So what does this staff signify, really? First of all, banish all thoughts of "druids," if that was the first thing that words like "shaman" and "snake staff" evoked. Those guys were over in Gaul (modern-day Western Europe) and Briton (modern-day England and Wales, basically). Truth be told, we really don't know much about them, and most of what we know comes from biased accounts of Roman historians, as National Geographic explains.

Back to Finland: the "shaman snake staff" puts pre-Christian Finnish beliefs on a clearer timeline. Finland, as we know it, is a new country established only in 1917. It was always composed of a variety of peoples: Ingrian, Karelian, and more, outlined on Fenno-Ugria, themselves composed of smaller regional groups. In the end, they can be separated into Baltic-Finnic (aka "Finno-Ugric" from Eastern Europe) and Saami (indigenous people, often spelled Sámi). Baltic-Finnic peoples settled in southern Finland and became "Finns," and the Saami in northern Finland, i.e., Lapland, extending out to modern-day northern Norway and Sweden, per Fenno-Ugria. Also, as This is Finland explains, we've got lots of population circulation between Russia, Estonia, on top of numerous border re-drawings. Basically, there is no unified "Finnish" culture, Neolithic or otherwise, and ancient times were doubtlessly composed of a complex web of cultural intermingling.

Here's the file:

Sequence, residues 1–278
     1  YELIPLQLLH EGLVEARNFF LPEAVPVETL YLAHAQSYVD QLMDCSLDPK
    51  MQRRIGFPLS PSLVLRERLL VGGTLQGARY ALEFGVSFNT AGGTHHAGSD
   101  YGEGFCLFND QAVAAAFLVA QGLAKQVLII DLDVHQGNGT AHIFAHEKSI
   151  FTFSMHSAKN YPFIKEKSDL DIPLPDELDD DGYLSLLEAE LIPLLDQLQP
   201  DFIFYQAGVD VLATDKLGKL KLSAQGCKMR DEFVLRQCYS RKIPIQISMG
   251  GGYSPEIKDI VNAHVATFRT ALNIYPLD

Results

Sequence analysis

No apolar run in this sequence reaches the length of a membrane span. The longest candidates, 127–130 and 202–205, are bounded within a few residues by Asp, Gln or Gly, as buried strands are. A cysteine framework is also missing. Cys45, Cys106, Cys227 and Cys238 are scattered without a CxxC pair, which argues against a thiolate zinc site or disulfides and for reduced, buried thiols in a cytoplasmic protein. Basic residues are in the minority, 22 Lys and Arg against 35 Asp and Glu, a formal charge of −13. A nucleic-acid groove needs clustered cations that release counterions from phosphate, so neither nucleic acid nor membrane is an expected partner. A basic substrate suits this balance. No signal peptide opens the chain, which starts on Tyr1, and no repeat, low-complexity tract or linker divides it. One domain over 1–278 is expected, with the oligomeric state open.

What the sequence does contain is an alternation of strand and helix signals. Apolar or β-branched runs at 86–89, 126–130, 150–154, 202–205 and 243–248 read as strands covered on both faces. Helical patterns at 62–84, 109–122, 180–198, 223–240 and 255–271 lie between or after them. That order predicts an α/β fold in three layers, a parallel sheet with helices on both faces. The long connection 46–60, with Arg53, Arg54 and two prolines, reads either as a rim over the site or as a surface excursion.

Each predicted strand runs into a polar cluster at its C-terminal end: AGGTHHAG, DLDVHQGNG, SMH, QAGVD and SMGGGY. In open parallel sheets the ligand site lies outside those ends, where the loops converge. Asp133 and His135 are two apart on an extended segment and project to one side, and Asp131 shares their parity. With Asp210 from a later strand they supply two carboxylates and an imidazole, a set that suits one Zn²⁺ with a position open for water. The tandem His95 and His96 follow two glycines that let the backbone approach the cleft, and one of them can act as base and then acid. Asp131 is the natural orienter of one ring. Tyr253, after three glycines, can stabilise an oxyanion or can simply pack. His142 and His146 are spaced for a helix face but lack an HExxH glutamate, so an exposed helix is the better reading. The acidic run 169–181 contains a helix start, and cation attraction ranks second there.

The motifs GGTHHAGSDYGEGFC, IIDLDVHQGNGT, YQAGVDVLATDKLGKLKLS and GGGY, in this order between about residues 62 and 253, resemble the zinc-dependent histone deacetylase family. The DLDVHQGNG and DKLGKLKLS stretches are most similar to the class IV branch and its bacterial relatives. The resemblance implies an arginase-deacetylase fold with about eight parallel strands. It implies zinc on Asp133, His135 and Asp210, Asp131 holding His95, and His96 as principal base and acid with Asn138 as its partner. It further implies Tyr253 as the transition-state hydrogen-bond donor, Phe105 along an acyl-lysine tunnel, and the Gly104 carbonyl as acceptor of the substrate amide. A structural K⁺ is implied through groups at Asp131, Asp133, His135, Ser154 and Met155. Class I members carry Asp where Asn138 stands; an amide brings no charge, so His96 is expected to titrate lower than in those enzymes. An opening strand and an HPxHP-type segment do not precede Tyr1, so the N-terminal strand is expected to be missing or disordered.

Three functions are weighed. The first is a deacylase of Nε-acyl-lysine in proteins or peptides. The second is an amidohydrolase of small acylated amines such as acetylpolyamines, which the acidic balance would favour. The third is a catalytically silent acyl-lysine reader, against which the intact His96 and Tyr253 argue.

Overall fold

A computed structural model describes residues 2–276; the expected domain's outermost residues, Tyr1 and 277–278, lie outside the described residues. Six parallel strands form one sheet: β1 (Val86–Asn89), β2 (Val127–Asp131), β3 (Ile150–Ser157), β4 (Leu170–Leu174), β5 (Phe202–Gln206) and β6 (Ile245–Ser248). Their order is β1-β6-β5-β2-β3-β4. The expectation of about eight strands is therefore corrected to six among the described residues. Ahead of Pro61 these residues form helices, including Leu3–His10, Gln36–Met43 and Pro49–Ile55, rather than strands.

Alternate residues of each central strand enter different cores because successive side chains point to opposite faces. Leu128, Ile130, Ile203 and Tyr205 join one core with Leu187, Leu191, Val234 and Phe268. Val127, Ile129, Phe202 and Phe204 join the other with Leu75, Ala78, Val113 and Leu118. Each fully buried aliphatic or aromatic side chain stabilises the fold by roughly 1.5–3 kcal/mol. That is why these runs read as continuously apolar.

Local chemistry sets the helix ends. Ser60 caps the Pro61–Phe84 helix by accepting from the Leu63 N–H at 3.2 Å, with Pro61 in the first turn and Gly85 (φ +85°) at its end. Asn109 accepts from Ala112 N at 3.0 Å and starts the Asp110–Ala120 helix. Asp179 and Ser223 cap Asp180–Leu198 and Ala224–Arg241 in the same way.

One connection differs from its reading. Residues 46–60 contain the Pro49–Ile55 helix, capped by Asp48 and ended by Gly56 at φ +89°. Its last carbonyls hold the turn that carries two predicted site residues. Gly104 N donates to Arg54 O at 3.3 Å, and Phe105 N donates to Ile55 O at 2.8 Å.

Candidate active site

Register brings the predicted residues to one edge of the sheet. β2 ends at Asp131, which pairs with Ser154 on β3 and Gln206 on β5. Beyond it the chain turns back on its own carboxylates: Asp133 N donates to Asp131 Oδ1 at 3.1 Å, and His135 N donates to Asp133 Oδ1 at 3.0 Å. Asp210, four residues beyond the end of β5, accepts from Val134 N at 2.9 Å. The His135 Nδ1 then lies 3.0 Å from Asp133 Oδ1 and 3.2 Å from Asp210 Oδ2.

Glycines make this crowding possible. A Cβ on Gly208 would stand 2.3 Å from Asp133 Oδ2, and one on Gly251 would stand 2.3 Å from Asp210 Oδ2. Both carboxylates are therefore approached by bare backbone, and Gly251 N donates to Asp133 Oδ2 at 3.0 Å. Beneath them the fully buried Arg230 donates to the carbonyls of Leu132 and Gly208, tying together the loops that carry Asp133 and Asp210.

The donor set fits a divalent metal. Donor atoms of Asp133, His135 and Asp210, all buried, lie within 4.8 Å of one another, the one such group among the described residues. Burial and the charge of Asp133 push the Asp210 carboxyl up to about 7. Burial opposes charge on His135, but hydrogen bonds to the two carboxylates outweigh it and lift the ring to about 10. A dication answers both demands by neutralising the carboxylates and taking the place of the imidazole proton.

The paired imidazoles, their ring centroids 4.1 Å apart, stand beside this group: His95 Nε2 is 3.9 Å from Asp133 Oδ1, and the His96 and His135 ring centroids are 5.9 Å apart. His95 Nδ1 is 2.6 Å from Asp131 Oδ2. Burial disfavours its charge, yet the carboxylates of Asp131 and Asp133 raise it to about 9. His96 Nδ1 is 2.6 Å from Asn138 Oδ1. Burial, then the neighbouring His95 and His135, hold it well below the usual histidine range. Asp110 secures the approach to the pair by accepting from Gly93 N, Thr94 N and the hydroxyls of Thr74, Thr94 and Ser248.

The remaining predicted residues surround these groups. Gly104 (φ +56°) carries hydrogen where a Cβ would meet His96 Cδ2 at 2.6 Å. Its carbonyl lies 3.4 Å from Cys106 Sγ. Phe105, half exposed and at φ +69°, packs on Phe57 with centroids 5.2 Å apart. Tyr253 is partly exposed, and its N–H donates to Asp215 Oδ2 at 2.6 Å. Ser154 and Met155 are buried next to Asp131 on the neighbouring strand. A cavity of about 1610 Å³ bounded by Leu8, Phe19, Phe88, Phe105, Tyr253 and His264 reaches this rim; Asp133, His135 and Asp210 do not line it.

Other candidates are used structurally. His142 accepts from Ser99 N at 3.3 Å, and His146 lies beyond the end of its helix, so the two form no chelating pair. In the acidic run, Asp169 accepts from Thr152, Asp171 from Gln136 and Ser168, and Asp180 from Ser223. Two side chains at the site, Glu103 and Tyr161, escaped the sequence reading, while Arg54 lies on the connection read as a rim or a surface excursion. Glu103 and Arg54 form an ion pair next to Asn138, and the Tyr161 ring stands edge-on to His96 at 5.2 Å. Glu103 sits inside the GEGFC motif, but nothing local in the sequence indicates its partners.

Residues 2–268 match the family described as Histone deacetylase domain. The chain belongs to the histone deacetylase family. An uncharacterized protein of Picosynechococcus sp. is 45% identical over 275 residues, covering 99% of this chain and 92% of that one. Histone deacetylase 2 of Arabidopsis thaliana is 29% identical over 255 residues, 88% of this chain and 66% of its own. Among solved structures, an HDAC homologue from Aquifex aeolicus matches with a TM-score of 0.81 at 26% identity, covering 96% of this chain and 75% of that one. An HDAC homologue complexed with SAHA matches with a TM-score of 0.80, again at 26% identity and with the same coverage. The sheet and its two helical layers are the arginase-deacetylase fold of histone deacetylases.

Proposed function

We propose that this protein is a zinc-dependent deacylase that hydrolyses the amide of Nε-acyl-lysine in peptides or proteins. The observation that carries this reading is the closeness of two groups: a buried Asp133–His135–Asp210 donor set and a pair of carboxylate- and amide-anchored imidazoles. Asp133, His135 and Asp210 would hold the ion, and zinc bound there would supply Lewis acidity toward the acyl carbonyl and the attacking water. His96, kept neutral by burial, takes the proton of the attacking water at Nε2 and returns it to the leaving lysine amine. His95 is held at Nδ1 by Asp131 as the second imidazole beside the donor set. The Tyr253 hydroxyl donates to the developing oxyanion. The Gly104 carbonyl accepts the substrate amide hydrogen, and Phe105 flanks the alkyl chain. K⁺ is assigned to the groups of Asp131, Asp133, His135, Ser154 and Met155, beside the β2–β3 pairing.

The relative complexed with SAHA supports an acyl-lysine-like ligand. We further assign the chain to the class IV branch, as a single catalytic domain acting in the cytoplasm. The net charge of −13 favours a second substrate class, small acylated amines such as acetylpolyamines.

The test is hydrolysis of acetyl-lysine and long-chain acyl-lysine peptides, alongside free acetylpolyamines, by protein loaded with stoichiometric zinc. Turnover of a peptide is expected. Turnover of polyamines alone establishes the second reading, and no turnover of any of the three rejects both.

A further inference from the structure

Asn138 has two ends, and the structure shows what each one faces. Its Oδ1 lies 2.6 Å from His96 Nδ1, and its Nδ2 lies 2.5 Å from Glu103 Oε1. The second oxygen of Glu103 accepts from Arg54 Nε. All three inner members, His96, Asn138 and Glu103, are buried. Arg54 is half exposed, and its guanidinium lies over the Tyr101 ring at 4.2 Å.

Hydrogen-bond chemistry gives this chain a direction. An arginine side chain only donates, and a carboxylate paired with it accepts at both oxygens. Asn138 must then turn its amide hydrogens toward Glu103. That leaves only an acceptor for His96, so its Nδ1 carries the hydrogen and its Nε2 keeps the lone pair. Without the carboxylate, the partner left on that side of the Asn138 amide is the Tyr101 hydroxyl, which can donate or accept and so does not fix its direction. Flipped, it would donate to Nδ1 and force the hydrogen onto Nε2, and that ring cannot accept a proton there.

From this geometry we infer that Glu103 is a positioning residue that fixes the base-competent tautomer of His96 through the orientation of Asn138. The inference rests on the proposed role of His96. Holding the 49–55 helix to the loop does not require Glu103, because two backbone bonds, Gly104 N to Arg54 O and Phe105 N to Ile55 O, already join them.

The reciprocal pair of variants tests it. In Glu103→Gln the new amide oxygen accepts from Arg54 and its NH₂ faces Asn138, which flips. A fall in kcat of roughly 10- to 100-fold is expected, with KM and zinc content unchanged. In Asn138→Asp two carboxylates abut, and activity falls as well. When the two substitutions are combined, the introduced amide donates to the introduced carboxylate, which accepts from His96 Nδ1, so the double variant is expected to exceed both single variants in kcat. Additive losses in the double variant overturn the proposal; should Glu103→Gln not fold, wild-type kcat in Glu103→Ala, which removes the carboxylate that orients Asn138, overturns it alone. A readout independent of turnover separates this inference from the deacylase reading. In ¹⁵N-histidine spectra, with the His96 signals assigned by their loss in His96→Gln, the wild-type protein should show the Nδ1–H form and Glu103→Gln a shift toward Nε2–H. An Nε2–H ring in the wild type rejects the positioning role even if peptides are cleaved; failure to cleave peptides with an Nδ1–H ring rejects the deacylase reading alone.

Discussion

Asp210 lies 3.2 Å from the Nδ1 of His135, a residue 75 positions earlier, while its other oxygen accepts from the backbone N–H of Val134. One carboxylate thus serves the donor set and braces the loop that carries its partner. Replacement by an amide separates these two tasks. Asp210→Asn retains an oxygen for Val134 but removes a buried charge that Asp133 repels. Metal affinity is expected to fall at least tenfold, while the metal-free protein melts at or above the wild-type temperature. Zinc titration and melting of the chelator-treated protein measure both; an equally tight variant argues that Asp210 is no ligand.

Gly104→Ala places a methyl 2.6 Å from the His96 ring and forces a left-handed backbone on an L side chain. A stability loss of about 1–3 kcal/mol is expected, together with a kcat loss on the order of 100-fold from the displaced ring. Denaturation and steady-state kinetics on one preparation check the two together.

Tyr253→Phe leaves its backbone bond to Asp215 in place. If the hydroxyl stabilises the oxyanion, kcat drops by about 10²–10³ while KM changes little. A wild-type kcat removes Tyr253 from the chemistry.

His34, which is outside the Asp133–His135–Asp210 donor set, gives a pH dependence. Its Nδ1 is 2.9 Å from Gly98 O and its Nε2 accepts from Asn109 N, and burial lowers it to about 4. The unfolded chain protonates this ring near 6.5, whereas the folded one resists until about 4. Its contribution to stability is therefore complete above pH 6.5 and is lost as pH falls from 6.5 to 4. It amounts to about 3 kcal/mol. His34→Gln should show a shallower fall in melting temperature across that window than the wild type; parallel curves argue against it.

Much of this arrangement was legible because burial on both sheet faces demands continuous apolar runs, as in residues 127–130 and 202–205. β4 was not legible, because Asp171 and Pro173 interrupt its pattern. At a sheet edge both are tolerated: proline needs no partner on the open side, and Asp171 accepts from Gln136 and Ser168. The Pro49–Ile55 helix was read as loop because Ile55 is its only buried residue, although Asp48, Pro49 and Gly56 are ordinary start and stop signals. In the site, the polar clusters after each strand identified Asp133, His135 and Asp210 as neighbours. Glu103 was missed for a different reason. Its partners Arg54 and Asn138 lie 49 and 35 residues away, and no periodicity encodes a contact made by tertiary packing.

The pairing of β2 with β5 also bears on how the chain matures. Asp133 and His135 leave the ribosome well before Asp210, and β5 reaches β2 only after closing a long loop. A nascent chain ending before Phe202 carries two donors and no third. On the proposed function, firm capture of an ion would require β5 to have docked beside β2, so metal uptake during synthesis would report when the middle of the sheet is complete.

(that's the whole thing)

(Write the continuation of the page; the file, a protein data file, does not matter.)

Plus, Finland was subjugated by Sweden until 1863, and its native language suppressed, as Omniglot explains. Documents are scarce, and knowledge of the distant past is limited. 

The symbol of a spiritual helper from the Neolithic era

To add to the mystery, the style of the staff doesn't match anything in our archaeological record, as the Cambridge University Press discusses. We also have no way of knowing if it was lost, discarded, or stored and forgotten. The closest comparisons in style come from a clay figurine 100km northwest of the dig site depicting a coiled snake. Within the surrounding region, snakes can also be found in artwork in Russia, Northern Europe, and more, much like in the Bible and ancient Greece.

So, is the staff a "Stone Age shaman's staff," as National Geographic puts it? We can only go as far back in the historical record as we know. As co-author of the find's study Antti Lahelma from the University of Helsinki said, the staff "brings to mind northern shamanism of the historical period, where snakes had a special role as spirit-helper animals of the shaman." Moreover, as Cambridge University Press says, "Snakes are loaded with symbolic meaning in both Finno-Ugric and Sámi cosmology, and shamans were believed to be able to transform into snakes." Additionally, the "Land of the Dead was believed to lie underwater," which is super interesting given the wetlands where the staff was found.

In the end, just like Moses' Nehushtan or the Staff of Aesculapius, it seems reasonable to assume that the wielder, like all shamans, was a healer and guide taking "sympathetic magic" lessons from our belly-bound animal brother.